44: Blogging at Hope College w/ Jennifer Fellinger

ABOUT THIS EPISODE

Jennifer Fellinger, Vice President of Public Affairs and Marketing at Hope College, talks about all the reasons institutions should take blogging seriously and about how to move from blogging at a small scale to managing a network of blogs.

Our goal was to really strategically create our own opportunity to share those success stories, and then, I'd say, a secondary goal has been to engage more of our campus community members. In our efforts, we were developing the stories of hope blog and really thinking more about a network, a robust network. We were also at the same time developing or rethinking our media relations strategy. You're listening to enrollment growth university from Helix Education, the best professional development podcast for higher education leaders looking to grow enrollment at their college or university. Whether you're looking for fresh enrollment growth techniques and strategies or tools and resources, you've come to the right place. Let's get into the show. Welcome back to enrollment growth university, a proud member of the connected to you podcast network. I'm Eric Olson, ATP of marketing at Helix Education, and we're here today with Jennifer Fellinger, vice president of Public Affairs and marketing at Hope College. Jennifer, welcome to the show. Thanks so much. Really excited to talk with you today about all the reasons institution should take blogging seriously. But before we taking to that, Jennifer, can you give the listeners a little bit better understanding of both hope college and your rule. They're sure. Hope College is a private Liberal Arts Undergraduate College in Holland, Michigan. We are academically excellent and vibrantly and ecumenically Christian. And my role at hope is public affairs and marketing. In our office we have creative services, web communications, media relations, sports information and then also events and conferences, falls under our division. Awesome. Let's kick this off, Jennifer. What are the high level goals behind Your Hope College blog network? Yeah, I'll step back and give you kind of an overview of how we got to the network. When I started at hope four years ago, public affairs and marketing was a brand new division. So it was an opportunity to really rethink how we were doing things.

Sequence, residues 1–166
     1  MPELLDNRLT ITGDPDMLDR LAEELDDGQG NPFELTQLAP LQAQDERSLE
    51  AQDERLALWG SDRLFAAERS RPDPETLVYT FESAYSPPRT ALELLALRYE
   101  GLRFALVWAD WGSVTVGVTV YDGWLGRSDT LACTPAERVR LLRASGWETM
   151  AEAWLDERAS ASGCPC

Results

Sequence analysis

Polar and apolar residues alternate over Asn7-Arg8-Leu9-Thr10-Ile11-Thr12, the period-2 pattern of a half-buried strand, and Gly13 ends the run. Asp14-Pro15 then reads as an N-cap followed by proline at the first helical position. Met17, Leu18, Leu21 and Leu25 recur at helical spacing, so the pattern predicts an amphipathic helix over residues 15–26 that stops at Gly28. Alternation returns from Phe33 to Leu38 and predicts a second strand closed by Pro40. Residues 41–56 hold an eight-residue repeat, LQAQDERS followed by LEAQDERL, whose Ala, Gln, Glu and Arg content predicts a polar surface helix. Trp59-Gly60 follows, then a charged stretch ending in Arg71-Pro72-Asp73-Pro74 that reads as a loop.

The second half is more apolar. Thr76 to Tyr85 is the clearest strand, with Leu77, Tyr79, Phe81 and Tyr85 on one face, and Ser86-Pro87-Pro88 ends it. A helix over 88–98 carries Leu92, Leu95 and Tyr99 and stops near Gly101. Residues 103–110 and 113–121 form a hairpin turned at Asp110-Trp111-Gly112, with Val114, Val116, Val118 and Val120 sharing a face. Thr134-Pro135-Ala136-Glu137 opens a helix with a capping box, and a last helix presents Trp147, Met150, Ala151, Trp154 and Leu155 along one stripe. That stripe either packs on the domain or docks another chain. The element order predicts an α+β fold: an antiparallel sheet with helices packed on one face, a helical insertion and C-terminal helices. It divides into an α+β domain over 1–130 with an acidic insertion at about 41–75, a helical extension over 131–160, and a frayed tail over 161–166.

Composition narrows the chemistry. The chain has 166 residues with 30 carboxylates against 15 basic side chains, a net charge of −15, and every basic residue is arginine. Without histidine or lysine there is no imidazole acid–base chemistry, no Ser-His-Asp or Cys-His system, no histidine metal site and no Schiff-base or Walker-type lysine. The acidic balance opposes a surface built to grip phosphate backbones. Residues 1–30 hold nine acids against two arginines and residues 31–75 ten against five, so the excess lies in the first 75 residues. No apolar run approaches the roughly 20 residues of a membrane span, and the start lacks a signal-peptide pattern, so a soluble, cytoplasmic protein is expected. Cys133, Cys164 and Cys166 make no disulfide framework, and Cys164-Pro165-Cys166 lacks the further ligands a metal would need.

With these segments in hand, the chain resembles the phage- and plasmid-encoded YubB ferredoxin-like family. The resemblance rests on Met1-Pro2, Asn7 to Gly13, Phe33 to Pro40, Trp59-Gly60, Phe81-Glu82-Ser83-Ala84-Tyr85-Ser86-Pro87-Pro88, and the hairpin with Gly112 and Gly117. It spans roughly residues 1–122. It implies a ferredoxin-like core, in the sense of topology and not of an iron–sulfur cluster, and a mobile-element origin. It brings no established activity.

So three years ago this was the situation at hope and specifically in our office. We had just ushered in a strategic plan as a college and so there was a goal in there specifically about or there is a goal and there specifically about stature and reputation and building that for Hope College. We were also thinking about our storytelling strategy. So we had a we have a media relations manager and he was getting a lot of requests from faculty and staff who had great stories but they weren't really pressed release kinds of stories. So we really needed to tell them, but in a better, more effective, more integrated kind of way. We also had made a decision to shake up our alumni magazine. So we just understood that people are consuming their information differently. So we cut back on the number of alumni magazines from five hundred to three. We wanted to increase the quality even as the we as we were reducing the frequency. So we lost two issues, but we didn't want to lose the opportunity to share two issues worth of content. And then, finally, we were developing a new strategy for email communications for prospective students and families, and so this new strategy, with this new strategy, we aim to be more coordinated, more frequent, more segmented and how we were communicating with our prospective students and we knew we would need content for the level of frequency that we had in mind for the email. So we had blogs in place, but not a strong blog network. So we knew it was an opportunity to build and invest on a foundation that already existed. So we started with a really manageable scale of meaning kind of small and focused. First we launched what we call stories of hope, which is a blog that focuses on scholarship and academic innovation, so really focusing on faculty and students. We didn't have a writer on staff. We don't have a writer on staff, so we decided to invest in a freelancer that we knew and trusted to kind of own the blog and work closely with us and write the post frequently. And then from there...